Let’s take a look at a lovely CD player I recently repaired, the Arcam DiVA CD92.
Arcam made some great gear back in the day, including various products as A&R Cambridge as they were initially, like this C-200 preamp and later the Arcam Black Box 500 I recently repaired and restored:
This time though, we dive into an Arcam DiVA CD92 in need of a new laser. Let’s go!
The Arcam DiVA CD92, with the classic dCS Ring DAC board, really made a splash in the late ’90s as one of the very best-sounding players from this era. Excellent Arcam build quality, high-quality passive components and the special dCS Ring DAC board meant this player kicks butt.
But they were designed in the UK, for the UK. As a result, these players run warm, too warm for the thermal design specified, common with a lot of British hi-fi gear. This excess heat kills the dCS Ring DAC board and leads to premature death elsewhere in the player as well.
Arcam is justifiably proud of the British-made CD92 and still maintains a description page about the player, if you’d like to check it out.
Arcam DiVA CD92 Specifications
Courtesy HiFi Engine
Disc format: CD
Digital converter: 24-bit dCS ring DAC plus HDCD
CD Mechanism: KSS-213C (not in this player!)
Frequency response: 5Hz to 20kHz
Dynamic range: 106dB
Signal-to-Noise Ratio: 100dB
Total harmonic distortion: 0.005%
Line output: 2.3V
Digital outputs: coaxial, optical
Dimensions: 430 x 290 x 84mm
Accessories: mains lead, CR314 remote control
This player presented with various issues. The main one was unreliable disc reading, which had two distinct causes. The secondary issue was bad analog output, basically hissing and misbehaving when passing a signal from the RCA connectors.
The unreliable disc reading stemmed from a very typical decline in laser output power over time, with the original Sony KSS-240a laser. The second aspect of the problem was cracked plastic on the laser horizontal traverse bearing surface. This caused the ageing laser to hang in certain places as it traversed the disc, causing mistracking.
My brief, as always, is determined by my customers. In this case, the brief was to get this Arcam DiVA CD92 reading discs reliably. Her owner uses her as a transport, feeding an external DAC. Whilst, for me, this is defeating one of the best things about the CD92, he is happy with that arrangement and didn’t want to go all the way into the dCS Ring DAC board overhaul, which I understand.
I took the liberty of removing the dCS Ring DAC board and replaced the one obviously dead cap just to see what effect it had on analog performance. Things improved considerably, so the solution to the bad analog output is likely a full DAC board overhaul.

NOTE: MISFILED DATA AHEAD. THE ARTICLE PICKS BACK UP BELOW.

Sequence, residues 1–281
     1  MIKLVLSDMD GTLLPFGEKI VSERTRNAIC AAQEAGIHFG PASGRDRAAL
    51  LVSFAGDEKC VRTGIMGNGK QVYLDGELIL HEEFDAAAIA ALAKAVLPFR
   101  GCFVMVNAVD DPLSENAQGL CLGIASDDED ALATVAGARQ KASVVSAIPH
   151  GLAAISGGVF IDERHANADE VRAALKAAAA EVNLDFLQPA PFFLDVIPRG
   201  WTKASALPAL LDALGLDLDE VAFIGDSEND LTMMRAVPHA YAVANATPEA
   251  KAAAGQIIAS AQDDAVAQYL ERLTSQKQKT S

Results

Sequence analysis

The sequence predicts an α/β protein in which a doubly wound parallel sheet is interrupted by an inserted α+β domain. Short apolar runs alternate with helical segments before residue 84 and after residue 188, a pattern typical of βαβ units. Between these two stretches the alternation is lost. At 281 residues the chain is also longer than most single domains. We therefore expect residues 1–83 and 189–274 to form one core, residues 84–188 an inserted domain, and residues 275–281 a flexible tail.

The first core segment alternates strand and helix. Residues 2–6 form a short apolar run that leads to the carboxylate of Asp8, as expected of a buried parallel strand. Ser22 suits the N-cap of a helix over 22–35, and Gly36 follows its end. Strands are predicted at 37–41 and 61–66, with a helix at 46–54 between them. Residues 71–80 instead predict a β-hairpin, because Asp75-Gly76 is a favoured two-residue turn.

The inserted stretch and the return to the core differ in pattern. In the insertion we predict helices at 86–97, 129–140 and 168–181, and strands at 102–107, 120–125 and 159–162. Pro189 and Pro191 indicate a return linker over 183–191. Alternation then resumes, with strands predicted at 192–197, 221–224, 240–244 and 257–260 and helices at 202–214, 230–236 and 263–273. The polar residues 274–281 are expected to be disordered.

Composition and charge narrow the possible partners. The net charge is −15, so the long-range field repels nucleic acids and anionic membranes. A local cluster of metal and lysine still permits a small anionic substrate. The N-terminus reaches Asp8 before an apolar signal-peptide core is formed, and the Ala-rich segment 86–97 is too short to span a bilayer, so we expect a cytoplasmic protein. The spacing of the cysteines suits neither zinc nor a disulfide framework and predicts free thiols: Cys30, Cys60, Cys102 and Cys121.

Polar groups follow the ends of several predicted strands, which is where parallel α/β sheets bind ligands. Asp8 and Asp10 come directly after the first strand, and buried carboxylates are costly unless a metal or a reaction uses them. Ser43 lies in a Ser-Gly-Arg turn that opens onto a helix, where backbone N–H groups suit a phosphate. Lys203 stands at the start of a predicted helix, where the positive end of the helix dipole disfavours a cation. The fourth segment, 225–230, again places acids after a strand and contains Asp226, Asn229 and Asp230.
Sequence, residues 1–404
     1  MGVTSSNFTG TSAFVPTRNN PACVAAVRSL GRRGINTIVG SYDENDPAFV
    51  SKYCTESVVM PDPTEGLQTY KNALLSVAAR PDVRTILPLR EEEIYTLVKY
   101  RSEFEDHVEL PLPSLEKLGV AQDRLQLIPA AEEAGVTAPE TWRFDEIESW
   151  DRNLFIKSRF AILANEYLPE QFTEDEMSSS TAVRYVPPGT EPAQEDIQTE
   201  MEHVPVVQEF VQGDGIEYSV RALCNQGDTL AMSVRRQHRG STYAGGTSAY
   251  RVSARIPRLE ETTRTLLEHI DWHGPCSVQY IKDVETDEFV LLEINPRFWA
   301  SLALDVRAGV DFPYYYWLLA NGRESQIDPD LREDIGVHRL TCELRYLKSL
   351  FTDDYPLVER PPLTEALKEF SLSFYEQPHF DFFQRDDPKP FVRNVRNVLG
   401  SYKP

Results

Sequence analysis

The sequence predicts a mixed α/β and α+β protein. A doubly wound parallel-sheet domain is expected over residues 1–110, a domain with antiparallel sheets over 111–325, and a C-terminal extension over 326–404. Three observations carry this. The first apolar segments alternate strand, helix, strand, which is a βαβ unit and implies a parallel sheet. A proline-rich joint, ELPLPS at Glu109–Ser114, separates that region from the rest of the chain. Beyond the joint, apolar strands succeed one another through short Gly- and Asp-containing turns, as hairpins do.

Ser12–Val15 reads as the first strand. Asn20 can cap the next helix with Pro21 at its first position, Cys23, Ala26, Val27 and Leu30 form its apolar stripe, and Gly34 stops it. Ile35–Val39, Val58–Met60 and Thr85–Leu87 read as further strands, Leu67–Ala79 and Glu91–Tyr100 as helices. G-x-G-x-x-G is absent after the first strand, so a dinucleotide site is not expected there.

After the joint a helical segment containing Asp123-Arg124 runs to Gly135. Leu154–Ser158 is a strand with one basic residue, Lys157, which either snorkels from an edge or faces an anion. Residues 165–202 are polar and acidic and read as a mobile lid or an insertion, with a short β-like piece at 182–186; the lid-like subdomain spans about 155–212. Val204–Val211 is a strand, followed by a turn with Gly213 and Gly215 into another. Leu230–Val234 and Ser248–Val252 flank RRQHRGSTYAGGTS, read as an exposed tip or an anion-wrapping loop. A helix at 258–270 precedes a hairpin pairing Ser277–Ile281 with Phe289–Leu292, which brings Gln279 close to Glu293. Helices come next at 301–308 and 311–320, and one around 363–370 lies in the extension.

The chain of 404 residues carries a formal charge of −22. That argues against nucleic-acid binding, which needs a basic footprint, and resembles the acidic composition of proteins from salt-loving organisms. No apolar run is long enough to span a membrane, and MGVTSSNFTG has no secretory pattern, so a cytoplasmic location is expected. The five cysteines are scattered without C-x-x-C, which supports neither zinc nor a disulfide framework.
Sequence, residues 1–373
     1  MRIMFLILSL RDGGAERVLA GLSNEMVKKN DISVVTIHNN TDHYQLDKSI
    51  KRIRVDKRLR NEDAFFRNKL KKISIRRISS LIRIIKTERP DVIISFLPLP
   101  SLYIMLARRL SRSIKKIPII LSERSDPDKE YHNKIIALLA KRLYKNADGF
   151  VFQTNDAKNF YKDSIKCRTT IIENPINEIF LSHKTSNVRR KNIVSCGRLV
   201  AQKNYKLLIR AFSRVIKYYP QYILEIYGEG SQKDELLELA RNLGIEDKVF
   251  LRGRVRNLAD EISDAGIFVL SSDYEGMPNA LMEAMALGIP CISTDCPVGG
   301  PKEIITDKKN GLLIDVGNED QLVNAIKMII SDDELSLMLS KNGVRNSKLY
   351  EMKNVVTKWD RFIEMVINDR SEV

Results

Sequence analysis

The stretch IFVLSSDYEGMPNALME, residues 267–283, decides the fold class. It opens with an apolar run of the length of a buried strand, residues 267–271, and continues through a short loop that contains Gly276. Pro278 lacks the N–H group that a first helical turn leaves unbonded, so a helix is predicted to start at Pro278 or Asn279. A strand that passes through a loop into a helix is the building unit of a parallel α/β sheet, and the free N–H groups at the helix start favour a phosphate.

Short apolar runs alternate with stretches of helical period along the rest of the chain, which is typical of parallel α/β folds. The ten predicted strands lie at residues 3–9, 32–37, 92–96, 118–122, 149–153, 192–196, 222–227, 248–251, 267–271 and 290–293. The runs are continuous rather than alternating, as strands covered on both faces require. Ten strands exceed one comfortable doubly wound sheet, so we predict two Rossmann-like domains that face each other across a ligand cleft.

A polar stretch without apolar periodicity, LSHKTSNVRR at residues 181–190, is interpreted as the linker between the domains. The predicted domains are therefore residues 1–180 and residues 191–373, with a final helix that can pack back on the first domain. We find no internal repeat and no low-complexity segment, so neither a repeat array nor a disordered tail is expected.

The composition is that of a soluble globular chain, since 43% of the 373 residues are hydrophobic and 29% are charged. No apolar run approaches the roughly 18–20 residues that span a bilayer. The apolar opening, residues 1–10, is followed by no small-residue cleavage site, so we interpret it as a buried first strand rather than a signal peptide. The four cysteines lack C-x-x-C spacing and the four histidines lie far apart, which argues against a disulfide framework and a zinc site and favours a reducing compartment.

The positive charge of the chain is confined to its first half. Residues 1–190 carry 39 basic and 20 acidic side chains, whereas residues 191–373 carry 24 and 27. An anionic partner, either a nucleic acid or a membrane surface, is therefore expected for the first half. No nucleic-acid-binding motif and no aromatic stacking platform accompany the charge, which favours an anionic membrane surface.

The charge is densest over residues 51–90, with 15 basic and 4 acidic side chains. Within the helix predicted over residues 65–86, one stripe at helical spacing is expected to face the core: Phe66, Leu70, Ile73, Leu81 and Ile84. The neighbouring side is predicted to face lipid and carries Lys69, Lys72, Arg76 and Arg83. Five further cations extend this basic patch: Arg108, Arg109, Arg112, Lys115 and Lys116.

After replacing the laser, installing a new precision rubber drive belt, smoothing out the cracks in the traverse bearing surface and properly lubricating things, this Arcam DiVA CD92 worked beautifully once again. I tested her as a transport, given that this is how she is used, but I was curious to know how she performed through her analog outputs.
Whilst I cannot comment on the analog performance of this particular unit, based on my experience with other examples of the same model, the Arcam DiVA CD92 sounds absolutely excellent. This is a first-class Redbook CD player from a period we might call the golden age of CD. In other words, CD players as a whole don’t get a lot better than this, at least not at the sensible end of the hi-fi spectrum.
The CD92 is a genuinely smooth, resolving and analog-sounding CD player. All things we like about Redbook CD are there: excellent bass extension and grip, perfect pitch, rock-solid imaging, warm midrange and smooth, extended treble. Some of the things we don’t like about Redbook are there too, like the slightly flat and uninvolving presentation, the lack of ultimate resolution and air really good vinyl systems offer.
Compared to a classic Marantz CD-63 or CD-67 for example, you get greater resolution and bass extension, better midrange and an altogether more involving presentation. Compared to a really nice DAC like say a Musical Fidelity Tri-Vista 21 or PSAudio NuWave DSD, you get less of everything, most especially subtlety, but you need a really nice transport to go with these DACs, something like a Meridian 506 or TEAC VRDS-10 for example.
The Bottom Line
These are minor gripes though and really, if you want a good CD player and can stretch to a vintage machine like this, you can’t go wrong. You will need to factor in some maintenance of course, but that’s par for the course with any electronics, especially something older.
Want a really lovely sounding CD player from the golden era of CD? Look no further than an Arcam DiVA CD92.